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Google parent company Alphabet (GOOG, GOOGL) reported earnings that missed Wall Street estimates after the closing bell on Tuesday.

The technology giant said adjusted earnings per share hit $1.21 during the second quarter, compared to $1.32 expected by analysts, according to Bloomberg data.

Meanwhile, revenue ex-TAC – or traffic acquisition costs – came in at $57.47 billion, compared to $58.14 billion expected by Wall Street.

Ad revenue totaled $56.29 billion during the period, topping the $56.14 billion analysts had expected. Google Services revenue, however, was light of estimates at $62.84 billion against expectations for $63.34 billion.

Shares of the company jumped 4% in after-hours trading. Through Tuesday’s close, the stock has fallen roughly 27% year-to-date.

Alphabet’s modest beat on ad revenue offered some relief to investors Tuesday following a dismal report from Snap (SNAP) last week that raised concerns about the digital advertising market.

The company posted an otherwise lackluster quarter. Overall revenue came in at $69.69 billion, up only 13% year-over-year compared to growth of 62% during the same period last year. Alphabet said foreign currency movements affected year-over-year revenue growth rates by 3.7%.

Google announced last week that it was scaling back on hiring this year and would entirely freeze onboarding new workers for the next two weeks as individual teams “prioritize their roles and hiring plans for the rest of the year.” The announcement came as other Big Tech peers said they would pause hiring in response to a more challenging economic environment.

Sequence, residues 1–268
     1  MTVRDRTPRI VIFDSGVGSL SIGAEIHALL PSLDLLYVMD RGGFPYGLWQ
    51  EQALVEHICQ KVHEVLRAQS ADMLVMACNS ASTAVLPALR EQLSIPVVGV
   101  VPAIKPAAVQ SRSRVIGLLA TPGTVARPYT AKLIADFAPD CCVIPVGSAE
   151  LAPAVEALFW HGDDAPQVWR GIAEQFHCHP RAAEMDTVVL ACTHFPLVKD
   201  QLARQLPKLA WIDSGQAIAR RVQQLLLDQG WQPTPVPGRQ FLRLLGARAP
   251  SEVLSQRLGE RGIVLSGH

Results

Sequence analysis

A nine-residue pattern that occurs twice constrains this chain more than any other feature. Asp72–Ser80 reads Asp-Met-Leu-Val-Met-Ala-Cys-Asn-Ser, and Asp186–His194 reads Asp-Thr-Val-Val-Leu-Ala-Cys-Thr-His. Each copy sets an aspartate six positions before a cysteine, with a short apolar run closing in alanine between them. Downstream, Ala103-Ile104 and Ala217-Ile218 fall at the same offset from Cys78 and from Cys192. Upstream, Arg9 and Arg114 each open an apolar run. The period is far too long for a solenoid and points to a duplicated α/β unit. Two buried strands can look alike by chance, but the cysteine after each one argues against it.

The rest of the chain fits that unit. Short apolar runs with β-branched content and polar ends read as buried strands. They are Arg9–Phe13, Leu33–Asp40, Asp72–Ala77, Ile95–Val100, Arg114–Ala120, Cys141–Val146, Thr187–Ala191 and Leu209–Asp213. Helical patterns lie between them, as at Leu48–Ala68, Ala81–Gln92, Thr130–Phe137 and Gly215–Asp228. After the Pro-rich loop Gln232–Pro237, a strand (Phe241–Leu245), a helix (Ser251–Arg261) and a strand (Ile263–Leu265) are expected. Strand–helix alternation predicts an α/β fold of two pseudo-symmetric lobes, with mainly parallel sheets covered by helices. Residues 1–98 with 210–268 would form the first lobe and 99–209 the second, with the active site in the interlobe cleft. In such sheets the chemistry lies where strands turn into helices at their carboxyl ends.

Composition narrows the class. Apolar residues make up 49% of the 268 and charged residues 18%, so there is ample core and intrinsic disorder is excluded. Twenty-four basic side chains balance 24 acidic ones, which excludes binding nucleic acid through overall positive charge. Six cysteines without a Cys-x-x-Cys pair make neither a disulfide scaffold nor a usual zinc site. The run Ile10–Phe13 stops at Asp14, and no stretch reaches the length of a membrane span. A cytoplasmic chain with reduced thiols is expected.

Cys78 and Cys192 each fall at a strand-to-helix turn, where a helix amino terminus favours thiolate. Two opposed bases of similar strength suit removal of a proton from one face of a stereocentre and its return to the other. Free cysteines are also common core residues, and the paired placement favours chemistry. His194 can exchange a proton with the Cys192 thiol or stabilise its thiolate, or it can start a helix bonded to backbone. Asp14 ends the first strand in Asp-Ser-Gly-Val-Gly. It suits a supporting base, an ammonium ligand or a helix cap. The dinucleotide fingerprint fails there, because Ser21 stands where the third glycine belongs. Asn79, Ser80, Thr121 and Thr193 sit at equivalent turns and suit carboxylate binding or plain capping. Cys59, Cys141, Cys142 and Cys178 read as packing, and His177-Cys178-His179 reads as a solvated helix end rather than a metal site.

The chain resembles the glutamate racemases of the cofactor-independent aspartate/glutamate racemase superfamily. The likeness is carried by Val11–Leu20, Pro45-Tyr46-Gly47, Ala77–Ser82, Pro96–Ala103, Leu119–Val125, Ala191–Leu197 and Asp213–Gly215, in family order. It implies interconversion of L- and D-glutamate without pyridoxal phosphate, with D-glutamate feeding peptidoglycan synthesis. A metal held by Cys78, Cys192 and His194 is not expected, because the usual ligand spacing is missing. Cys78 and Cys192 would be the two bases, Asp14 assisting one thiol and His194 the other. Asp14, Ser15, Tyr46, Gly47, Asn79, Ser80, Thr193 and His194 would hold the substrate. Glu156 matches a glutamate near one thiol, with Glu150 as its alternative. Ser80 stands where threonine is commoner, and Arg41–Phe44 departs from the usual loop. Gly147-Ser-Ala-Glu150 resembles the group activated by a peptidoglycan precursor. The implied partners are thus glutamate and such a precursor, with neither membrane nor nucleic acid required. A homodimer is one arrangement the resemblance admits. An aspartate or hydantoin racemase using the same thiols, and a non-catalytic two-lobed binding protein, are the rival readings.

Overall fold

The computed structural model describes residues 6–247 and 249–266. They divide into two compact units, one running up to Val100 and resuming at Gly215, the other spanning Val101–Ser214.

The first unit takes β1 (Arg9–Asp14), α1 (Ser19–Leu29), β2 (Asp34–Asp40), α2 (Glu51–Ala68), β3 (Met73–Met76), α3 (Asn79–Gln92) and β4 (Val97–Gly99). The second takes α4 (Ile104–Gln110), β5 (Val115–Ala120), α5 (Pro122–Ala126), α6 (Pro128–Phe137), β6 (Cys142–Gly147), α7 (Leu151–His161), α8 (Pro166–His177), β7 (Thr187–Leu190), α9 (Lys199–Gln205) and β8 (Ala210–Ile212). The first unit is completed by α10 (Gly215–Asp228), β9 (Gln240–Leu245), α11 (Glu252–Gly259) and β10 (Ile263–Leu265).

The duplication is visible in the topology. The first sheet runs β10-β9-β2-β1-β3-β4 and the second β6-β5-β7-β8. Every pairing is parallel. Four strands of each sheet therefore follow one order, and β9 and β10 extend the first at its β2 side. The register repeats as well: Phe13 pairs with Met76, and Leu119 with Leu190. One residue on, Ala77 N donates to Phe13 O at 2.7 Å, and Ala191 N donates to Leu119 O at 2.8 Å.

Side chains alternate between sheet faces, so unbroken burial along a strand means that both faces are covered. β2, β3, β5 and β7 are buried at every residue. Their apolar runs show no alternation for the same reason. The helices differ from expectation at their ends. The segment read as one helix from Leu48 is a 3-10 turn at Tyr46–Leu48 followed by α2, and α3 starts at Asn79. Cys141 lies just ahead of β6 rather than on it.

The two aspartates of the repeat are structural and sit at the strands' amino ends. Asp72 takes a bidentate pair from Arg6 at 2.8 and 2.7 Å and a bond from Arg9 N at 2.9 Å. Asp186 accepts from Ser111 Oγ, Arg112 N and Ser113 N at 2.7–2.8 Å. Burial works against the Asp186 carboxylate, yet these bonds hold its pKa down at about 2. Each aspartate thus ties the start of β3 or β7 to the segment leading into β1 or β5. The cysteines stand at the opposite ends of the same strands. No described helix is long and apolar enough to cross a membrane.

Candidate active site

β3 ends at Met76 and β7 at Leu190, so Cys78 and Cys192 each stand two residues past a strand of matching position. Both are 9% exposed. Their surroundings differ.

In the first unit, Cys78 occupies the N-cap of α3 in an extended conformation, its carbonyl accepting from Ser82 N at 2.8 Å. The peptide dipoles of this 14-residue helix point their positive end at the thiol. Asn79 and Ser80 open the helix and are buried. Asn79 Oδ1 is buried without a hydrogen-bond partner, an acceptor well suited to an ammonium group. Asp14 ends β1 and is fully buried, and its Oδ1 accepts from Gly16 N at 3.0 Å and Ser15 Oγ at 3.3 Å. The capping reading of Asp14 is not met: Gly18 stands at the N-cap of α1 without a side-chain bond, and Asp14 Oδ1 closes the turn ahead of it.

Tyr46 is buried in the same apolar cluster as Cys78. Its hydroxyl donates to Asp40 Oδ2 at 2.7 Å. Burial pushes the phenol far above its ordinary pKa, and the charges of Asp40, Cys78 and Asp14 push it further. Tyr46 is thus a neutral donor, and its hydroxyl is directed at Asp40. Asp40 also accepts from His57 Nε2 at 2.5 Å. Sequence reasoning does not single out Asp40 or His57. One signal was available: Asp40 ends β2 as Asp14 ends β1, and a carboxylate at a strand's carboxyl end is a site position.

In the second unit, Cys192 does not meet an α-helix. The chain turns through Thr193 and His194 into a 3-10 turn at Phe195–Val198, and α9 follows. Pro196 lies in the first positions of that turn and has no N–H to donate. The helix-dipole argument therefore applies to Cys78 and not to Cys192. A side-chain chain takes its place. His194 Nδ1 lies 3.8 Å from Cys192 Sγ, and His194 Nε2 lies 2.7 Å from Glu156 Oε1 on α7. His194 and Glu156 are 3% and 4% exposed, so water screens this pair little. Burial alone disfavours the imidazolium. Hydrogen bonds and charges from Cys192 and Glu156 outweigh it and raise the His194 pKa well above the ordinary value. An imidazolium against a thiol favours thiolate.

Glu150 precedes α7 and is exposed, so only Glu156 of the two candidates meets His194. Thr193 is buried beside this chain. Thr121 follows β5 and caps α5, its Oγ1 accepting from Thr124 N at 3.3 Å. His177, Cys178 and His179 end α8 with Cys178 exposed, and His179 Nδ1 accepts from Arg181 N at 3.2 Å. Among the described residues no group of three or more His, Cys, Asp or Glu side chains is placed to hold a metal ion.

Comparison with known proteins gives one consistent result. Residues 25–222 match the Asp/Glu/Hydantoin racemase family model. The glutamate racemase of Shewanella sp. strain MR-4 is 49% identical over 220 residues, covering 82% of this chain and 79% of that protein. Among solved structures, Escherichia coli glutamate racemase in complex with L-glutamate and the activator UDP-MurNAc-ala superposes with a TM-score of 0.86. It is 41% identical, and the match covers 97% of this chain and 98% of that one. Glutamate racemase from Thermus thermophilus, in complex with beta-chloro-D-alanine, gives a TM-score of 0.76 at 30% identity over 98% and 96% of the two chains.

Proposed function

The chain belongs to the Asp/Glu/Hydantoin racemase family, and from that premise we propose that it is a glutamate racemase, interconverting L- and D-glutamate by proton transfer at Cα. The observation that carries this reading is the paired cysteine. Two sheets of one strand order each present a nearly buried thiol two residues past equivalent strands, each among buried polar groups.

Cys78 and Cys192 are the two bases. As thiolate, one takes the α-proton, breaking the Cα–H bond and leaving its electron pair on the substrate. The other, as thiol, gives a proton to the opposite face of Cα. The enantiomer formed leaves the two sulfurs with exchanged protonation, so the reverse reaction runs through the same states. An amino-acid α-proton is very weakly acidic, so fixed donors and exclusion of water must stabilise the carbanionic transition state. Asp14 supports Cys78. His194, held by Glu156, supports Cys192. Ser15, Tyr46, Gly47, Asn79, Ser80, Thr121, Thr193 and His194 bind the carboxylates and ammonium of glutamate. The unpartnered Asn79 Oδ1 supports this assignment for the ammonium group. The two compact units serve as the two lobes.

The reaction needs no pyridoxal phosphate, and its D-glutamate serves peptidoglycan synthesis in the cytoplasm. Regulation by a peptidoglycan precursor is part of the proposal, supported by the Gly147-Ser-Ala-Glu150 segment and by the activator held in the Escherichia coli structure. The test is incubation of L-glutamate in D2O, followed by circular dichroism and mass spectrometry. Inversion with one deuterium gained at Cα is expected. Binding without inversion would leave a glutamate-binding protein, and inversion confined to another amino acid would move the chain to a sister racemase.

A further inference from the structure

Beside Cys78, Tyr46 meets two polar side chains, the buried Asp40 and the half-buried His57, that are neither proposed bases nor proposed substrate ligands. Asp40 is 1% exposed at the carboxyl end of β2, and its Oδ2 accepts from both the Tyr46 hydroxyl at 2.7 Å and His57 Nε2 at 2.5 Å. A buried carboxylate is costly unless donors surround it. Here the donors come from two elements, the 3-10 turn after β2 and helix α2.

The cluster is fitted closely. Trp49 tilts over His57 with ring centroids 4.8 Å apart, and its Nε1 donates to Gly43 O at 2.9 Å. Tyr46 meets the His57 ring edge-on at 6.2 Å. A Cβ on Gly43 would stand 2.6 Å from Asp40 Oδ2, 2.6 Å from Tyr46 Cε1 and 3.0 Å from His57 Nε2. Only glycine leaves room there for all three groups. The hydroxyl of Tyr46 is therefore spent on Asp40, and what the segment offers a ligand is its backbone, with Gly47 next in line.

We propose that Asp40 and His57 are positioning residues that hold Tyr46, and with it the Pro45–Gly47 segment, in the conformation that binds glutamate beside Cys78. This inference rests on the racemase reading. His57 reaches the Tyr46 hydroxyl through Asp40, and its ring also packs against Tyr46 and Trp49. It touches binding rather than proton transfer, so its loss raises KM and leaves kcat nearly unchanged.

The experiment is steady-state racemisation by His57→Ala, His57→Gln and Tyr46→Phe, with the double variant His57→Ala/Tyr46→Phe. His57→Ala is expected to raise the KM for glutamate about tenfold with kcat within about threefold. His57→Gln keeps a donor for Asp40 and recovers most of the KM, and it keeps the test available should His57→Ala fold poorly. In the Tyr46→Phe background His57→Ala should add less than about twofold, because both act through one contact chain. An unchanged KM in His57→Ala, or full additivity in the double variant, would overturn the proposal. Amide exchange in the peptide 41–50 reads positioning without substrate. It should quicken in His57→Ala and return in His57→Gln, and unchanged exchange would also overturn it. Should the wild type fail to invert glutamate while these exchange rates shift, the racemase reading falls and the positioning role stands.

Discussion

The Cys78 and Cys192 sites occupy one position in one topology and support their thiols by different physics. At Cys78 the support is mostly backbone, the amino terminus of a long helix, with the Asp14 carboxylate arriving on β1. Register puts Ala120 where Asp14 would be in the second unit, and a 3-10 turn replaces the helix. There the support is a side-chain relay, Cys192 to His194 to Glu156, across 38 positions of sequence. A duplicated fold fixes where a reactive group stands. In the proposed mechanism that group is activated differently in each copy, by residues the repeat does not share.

Alphabet reported headcount totaled 174,014 as of June 30, 2022, compared to 163,906 at the end of the first quarter — up from 144,056 in Q2 of last year.

Google’s results come on the heels of a 20-for-1 stock split executed July 15, 2022 in the form of a one-time special stock dividend on each share of the company’s Class A, Class B, and Class C stock.

NEW YORK, NEW YORK - JULY 04: People walk near the Google offices on July 04, 2022 in New York City. Google announced on Friday it will eliminate location history entries if it identifies an abortion center. (Photo by John Smith/VIEWpress via Getty Images)NEW YORK, NEW YORK - JULY 04: People walk near the Google offices on July 04, 2022 in New York City. Google announced on Friday it will eliminate location history entries if it identifies an abortion center. (Photo by John Smith/VIEWpress via Getty Images)

NEW YORK, NEW YORK – JULY 04: People walk near the Google offices on July 04, 2022 in New York City. Google announced on Friday it will eliminate location history entries if it identifies an abortion center. (Photo by John Smith/VIEWpress via Getty Images)

Alexandra Semenova is a reporter for Yahoo Finance. Follow her on Twitter @alexandraandnyc

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